Tuesday, June 8, 2010

Now we are 'Six'


The notion that everyday life should be easy is such a crock of

... super chunky peanut butter.

Getting past the everyday is the challenge.

As I was driving to work today I thought about the people living a particular street I'll call "Anywhere, USA."

You might live on this street, or you may know someone who lives on this street.

It's not particularly fancy, but most of the houses on this tree-lined drive are well maintained and the yards are wide and lush.

Homeowners include retirees and single women, families with young children and families with teens and families whose children have recently flown the coop. Most people know their neighbors by sight, if not by name.

There's a family with an incessantly barky dog in the middle of the block, and one with the roaming cat a few houses down. There's the house on the end where the lawn is unlikely to be mowed and is therefore slowly being swallowed up by the overgrowth.

I blindly stare out of my car window at the stop sign at the end of the block, wondering how they do it.

Most mornings I manage to get the kids breakfast, bribe them into getting dressed in fresh clothes, brushing hair, washing faces, lunches packed, homework ready. But there's always something missing; a smudge of peanut butter, a snarl where the pillow rests.

The spring plantings - mostly lettuce in pots on the porch - have already been eaten by brave rabbits. The trappings of life with youngsters -- sports equipment, bikes, brightly colored toys -- piles up in the carport.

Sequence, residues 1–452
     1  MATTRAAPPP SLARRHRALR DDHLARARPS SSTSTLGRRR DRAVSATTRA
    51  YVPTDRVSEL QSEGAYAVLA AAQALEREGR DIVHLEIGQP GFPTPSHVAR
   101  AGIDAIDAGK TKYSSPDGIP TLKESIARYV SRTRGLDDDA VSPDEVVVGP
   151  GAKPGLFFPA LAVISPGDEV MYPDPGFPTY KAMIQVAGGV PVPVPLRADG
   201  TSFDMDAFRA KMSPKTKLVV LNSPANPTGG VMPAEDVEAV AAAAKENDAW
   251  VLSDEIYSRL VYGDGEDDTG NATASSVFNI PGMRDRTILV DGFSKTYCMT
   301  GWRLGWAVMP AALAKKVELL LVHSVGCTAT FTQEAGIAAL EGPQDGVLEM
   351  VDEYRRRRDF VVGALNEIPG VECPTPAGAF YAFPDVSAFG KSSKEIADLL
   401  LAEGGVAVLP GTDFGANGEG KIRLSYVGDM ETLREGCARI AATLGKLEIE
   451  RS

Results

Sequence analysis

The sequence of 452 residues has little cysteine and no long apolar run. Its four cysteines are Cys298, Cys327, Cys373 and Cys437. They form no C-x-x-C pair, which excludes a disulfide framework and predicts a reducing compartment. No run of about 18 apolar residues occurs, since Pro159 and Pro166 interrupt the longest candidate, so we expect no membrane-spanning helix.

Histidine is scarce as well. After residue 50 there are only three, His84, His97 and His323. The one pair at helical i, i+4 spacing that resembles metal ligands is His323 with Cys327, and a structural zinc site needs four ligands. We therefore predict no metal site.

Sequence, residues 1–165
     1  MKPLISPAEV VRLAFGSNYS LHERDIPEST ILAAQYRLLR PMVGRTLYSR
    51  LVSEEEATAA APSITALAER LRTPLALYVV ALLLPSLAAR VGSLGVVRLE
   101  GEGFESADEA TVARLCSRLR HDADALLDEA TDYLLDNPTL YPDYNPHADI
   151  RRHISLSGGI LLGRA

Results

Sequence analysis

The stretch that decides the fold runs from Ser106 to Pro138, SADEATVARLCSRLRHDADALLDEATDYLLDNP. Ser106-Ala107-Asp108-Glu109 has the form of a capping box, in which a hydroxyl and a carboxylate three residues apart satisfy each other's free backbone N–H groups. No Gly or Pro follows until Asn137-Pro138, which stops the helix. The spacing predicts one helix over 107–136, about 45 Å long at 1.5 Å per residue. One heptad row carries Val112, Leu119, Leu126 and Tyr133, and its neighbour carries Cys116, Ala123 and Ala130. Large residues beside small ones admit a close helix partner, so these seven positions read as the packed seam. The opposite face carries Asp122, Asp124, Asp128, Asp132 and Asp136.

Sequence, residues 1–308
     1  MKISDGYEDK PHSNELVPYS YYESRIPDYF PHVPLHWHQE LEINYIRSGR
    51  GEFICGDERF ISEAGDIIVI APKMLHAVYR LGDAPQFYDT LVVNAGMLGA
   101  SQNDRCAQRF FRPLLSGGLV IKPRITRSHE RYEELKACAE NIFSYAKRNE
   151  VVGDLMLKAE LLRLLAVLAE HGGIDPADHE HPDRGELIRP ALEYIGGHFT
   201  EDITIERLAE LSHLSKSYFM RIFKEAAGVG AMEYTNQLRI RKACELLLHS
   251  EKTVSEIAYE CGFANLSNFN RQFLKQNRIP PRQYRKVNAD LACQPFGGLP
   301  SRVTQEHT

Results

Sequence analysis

Everything in life accumulates in increments.

Some you keep on top of, some topple you.

This morning, when Ittybit got dressed for the Letter of the Day - "N" for number - she was sad. She wouldn't participate today. She has no clothes with numbers on them. Numbers are on sports jerseys, she believes, and those are for boys.

I'm sure my husband was more than a little perturbed when he heard the whirr of the sewing machine as he was trying to move the morning toward its daily appointments.

But when I handed her a sweatshirt with a number crudely cut from scrap fabric and awkwardly stitched to the front, he took a deeper breath.

Of course, Ittybit wanted to know why she wasn't consulted on the number selected. Six may have been her, but did it really need to define her?

Her father set her straight.

"One day you'll look back on this and you'll see how awesome 6 really was."


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